Are You Really "All Set" With Outbound Marketing?

Roberto Mejia
by Roberto Mejia on December 16, 2013 in Strategy
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Is inbound marketing effective? It depends partly on the situation, and partly on your definition of what constitutes “effective.” Outbound Marketing Advertising

What is Outbound Marketing?

Today’s marketing world can be divided into two broad categories: inbound and outbound.

Inbound marketing refers to techniques such as SEO, content marketing and social media, which are all designed to get people to find and contact you when they are interested in your product or service. It is “inbound” because the leads come to you.

Outbound marketing includes traditional advertising, cold calling and direct mail. It is designed to reach a large number of people in the hope that some of them will be currently interested in what you have to offer. It is “outbound” because you are pushing the message out to consumers.

Changes in Outbound Marketing

For a long time, outbound marketing was by far the more prevalent of the two. It has only been in recent years that inbound marketing has surpassed it in importance, with more sales leads coming from inbound and more marketing dollars being allocated that direction. The reason for the shift in focus is partly because outbound marketing has become less effective.

The reasons why outbound marketing has been losing its luster include:

  • The fracturing of mass media advertising channels, such as the hundreds of TV channels today versus the handful of networks available in the past.
  • DVR technology allowing TV viewers to skip commercials.
  • A large and continuing decline in readership of newspapers and other print media.
  • The National Do Not Call Registry, which makes most phone numbers offline to telemarketers.
  • The rise of the internet and mobile devices, which makes it possible for people to find whatever they want whenever they want it—which is the way most people prefer to make purchasing decisions.

These factors have definitely made outbound marketing less effective, but that doesn’t mean it is not effective at all. And there are some situations in which outbound marketing can hold certain advantages.

Where Outbound Marketing is Effective

Outbound marketing tends to be more effective when you need fast, short-term results.

Let’s say you have a new product and you want to reach 100,000 people tomorrow. Literally tomorrow. With inbound marketing, that is going to be extremely difficult, and largely out of your control (you can only reach people with inbound marketing if they are looking for your product, and there may not be that many looking).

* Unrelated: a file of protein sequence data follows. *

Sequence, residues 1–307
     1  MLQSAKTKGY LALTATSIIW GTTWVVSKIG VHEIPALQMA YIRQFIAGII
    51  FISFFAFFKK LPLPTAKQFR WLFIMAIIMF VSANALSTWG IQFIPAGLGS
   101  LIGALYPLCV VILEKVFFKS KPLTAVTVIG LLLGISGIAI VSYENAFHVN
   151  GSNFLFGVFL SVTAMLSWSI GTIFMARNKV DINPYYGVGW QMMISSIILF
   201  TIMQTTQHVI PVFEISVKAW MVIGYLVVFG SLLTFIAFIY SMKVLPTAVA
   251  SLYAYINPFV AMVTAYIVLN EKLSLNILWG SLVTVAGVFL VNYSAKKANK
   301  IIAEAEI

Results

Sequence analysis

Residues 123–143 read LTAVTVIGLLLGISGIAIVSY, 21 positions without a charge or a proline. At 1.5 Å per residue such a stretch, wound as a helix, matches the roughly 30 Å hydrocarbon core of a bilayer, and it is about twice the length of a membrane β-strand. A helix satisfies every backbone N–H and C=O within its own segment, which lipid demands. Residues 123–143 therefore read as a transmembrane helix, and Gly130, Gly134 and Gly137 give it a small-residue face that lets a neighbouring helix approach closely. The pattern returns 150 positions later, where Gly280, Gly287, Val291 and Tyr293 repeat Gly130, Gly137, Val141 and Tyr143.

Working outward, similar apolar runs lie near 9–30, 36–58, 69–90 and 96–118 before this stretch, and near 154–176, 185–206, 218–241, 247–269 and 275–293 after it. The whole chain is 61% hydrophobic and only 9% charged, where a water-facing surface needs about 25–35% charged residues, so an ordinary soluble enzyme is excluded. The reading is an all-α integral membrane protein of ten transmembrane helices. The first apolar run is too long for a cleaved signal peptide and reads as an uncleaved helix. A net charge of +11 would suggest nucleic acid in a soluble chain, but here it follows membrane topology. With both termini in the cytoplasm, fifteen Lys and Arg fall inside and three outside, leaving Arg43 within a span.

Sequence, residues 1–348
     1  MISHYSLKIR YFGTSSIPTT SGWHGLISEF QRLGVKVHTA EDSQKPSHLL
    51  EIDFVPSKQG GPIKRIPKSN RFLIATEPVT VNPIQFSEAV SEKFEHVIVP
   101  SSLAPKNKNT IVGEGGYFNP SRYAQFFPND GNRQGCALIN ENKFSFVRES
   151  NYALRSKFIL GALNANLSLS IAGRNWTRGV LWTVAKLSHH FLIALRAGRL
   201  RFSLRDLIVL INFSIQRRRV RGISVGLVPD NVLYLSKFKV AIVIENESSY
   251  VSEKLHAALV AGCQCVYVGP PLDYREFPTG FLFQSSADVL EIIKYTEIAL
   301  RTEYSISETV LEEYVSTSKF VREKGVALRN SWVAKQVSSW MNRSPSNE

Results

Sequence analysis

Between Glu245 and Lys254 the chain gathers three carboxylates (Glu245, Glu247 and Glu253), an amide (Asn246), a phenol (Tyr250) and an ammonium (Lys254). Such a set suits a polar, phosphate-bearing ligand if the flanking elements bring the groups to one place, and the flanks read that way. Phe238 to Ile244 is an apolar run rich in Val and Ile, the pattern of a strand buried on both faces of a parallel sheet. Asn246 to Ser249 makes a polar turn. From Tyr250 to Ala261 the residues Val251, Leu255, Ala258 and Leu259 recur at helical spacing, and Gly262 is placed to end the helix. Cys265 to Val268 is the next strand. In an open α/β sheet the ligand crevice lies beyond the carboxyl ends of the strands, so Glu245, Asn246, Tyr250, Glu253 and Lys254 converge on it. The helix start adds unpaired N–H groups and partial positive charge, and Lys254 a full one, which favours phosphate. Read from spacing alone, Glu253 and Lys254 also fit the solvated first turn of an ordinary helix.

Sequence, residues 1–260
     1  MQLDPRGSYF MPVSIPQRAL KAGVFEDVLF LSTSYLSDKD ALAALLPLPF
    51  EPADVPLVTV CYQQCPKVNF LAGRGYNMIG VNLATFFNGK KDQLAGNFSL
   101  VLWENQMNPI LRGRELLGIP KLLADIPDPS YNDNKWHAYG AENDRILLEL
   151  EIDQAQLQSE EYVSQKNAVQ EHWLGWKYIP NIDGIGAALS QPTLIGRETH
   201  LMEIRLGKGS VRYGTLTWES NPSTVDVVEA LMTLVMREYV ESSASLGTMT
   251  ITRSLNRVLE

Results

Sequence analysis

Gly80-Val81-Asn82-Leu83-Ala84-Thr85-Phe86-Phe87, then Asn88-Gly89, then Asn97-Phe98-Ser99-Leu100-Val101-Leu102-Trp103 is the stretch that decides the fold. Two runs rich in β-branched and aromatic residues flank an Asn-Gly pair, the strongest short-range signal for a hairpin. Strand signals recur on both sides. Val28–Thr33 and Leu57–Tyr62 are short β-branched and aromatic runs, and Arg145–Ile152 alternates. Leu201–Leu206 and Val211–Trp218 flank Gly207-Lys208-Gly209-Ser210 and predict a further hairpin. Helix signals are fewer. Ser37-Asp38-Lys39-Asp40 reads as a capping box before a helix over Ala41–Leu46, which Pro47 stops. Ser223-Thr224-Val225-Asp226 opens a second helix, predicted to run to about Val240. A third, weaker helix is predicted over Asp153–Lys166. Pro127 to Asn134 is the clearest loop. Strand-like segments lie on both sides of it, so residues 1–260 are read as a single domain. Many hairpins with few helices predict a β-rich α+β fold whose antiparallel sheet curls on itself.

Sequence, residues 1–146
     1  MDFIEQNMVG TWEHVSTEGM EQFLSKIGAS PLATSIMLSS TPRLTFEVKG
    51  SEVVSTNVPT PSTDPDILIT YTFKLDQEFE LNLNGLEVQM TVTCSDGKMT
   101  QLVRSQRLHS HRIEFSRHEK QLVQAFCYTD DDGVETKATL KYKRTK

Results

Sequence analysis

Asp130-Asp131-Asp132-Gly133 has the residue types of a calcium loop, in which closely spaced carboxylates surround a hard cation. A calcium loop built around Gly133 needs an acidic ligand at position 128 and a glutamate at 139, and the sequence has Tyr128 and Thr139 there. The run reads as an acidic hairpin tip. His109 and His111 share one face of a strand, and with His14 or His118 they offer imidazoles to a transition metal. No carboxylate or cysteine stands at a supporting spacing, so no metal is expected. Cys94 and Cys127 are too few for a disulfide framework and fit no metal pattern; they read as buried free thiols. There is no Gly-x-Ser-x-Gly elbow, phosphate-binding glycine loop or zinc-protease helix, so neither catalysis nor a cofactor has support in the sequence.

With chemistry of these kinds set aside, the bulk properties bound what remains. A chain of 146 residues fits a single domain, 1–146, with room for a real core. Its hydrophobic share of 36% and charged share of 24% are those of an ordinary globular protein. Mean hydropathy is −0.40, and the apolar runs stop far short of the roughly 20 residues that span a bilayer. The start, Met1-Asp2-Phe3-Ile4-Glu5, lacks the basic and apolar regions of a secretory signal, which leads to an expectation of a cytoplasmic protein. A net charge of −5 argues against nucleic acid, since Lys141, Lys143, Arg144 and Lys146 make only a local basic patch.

With outbound marketing it is possible, if you have the money to pay for the advertising or the army of telemarketers required. There is no guarantee that any of them will buy, but you can reach them.

Outbound advertising can also trump inbound marketing if you are focused only on the amount of effort involved. Setting up a Google AdWords Express campaign, for instance, takes little time at all. And if you have the budget to pay for it, a single, simple text ad could reach a huge number of people. It will almost certainly cost more long-term than getting the same results through inbound marketing, but it won’t require as much work.

Where Outbound Marketing is Not Effective

As a long-term strategy, outbound marketing can still get results, but it is generally not going to be as effective overall as inbound marketing.

For instance, outbound marketing will typically be less cost-effective in the long run. Outbound marketing is an expense: if you want to continue getting 100,000 ad impressions each day, you will have to pay for them anew each day. If you ever stop paying, you will also stop getting new outbound customers. Inbound marketing, in contrast, is an investment; the work you put in today will continue to pay dividends indefinitely.

Outbound marketing is also less effective when it comes to closing customers. Inbound leads are interested, warm prospects. Most of the people you reach with outbound marketing are not going to be interested in what you have to sell, at least not on the day you reach them.

Finally, outbound marketing is less effective from a customer satisfaction standpoint. People don’t like to be interrupted by commercials, or bothered by sales calls for products they don’t want. Actually, most people would prefer not to be bothered by sales calls for products they do want, because that is not how most people like to buy. Consumers prefer to shop and buy on their own timetable, in a method of their choosing—in other words, through inbound marketing.

*Image courtesy of freedigitalphotos.net

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Roberto Mejia

Roberto Mejia

While specializing in web development and inbound marketing, Roberto Mejia prides himself in always learning and improving as much as possible.